Mistaking an Ovary for an Appendix

Editor’s Note: This article previously appeared in a different format as part of The Atlantic’s Notes section, retired in 2021.

A reader has the gobsmacking story:

My story isn’t one of my pain being ignored, but rather one about a doctor’s lesser familiarity with the female body almost having enormous consequences for my health. When I was 15, I had severe abdominal pain and went to the ER with my mom. After several hours I was diagnosed with appendicitis and brought into surgery for an appendectomy. So far, so routine.

After I came out of surgery, a nurse approached my mom quietly and said, “I really shouldn’t be telling you this, but I think you should know and might want to get your daughter checked out because of something that happened during surgery.”

Apparently, the male surgeon had seen swelling in one of my ovaries while rooting around in my abdominal cavity and thought it was abnormal. Since I have two ovaries, and he was already in there, he announced to the operating room his plan to remove the ovary, without informing me or my parents, since it was an “emergency.”

Thank God another practitioner in the room stopped things and got them to wait for a consult from someone with expertise in women’s reproductive health. The nurse told us that person took a look at me on the operating table and said, basically: “Uh, that’s what ovaries look during ovulation. Leave them alone.”  

I’m fine—appendix free, and I just had a pregnancy, so it seems like there was no damage from whatever other nonsense he may have pulled during my surgery. But I think about that all the time:

1) that something happened that was so out-of-norm the nurse risked her job to tell us about it, but there was no hospital process that would have given us similar warning or honesty, 2) that a surgeon who presumably spent much of his career inside the torsos of people of all genders could be that unfamiliar with a normal range of how women’s reproductive systems look, and 3) that his respect for me, my mom, and my desire to keep my body parts was so low it didn’t occur to him that it would be crazy to make a decision about it without consulting us.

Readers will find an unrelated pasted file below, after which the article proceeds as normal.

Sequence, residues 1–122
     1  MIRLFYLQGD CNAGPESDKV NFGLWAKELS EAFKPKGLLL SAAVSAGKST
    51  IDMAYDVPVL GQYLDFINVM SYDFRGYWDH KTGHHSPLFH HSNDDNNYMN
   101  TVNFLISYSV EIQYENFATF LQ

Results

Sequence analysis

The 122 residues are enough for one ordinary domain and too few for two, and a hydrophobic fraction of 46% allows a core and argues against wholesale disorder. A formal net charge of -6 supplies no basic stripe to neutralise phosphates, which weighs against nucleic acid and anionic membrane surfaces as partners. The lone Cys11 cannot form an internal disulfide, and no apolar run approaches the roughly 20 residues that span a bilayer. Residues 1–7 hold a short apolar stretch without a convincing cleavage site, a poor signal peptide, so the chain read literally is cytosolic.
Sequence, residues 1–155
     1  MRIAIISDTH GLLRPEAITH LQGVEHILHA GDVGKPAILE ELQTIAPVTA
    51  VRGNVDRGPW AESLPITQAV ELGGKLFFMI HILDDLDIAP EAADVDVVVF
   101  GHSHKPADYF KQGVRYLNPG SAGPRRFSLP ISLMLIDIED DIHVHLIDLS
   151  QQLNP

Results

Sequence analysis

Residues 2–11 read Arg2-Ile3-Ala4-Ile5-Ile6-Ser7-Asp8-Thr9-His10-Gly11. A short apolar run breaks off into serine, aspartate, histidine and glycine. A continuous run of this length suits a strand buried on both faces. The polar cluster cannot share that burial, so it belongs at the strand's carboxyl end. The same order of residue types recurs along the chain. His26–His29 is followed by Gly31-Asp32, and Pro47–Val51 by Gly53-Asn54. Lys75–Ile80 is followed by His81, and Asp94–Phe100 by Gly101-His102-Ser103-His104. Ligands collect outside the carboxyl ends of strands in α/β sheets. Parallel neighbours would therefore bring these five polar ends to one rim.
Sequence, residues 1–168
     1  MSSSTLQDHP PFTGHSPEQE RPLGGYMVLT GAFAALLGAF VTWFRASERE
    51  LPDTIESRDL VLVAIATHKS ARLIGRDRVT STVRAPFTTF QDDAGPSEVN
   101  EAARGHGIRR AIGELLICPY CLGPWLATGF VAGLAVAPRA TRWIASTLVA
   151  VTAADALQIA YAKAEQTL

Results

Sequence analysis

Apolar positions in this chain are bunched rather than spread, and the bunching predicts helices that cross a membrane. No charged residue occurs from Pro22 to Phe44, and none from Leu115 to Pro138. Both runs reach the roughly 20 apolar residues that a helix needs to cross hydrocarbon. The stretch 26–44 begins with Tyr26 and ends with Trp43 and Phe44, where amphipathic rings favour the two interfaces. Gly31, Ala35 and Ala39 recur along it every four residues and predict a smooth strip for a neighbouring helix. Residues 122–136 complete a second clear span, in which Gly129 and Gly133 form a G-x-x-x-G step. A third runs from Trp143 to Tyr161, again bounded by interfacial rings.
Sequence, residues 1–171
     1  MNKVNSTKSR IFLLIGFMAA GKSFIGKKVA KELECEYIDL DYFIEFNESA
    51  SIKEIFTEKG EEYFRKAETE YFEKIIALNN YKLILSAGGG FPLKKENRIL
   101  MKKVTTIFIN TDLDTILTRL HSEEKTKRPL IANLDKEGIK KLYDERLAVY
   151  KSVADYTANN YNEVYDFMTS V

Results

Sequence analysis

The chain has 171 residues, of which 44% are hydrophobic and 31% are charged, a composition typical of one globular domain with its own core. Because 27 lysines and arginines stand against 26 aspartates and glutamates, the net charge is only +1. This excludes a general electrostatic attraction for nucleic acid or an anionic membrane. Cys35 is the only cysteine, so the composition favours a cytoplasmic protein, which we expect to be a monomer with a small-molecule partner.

I’m a lot more wary with all doctors now and definitely select for women more aggressively, in a way I wish I didn’t have to; I’m sure there are plenty of trustworthy doctors who are men out there. I just don’t want to be in a position where the test of their respect for my agency comes after they are already inside my body.    

This woman wasn’t so lucky:

A pregnant woman suffering from appendicitis died on the operating table weeks after a surgeon mistakenly removed her ovary instead of her appendix, medical watchdogs heard on Monday.

Mother-of-three Maria De Jesus, 32, was 20 weeks pregnant with her fourth child when she was admitted to Queen's Hospital in Romford, Essex, a Fitness to Practise Panel of the Medical Practitioners Tribunal Service (MPTS) heard. The “complicated” operation was carried out at the weekend by a junior surgeon who removed her ovary in error, while the more senior consultant had gone home.

Less than three weeks later she was readmitted again suffering abdominal pains and the mistake was discovered. But two days after that De Jesus, from Dagenham, miscarried her baby boy and died on the operating table after having the appendix removed.

Dr Yahya Al Abed has admitted removing De Jesus’ right ovary in error at the panel hearing sitting in Manchester. He denies misconduct.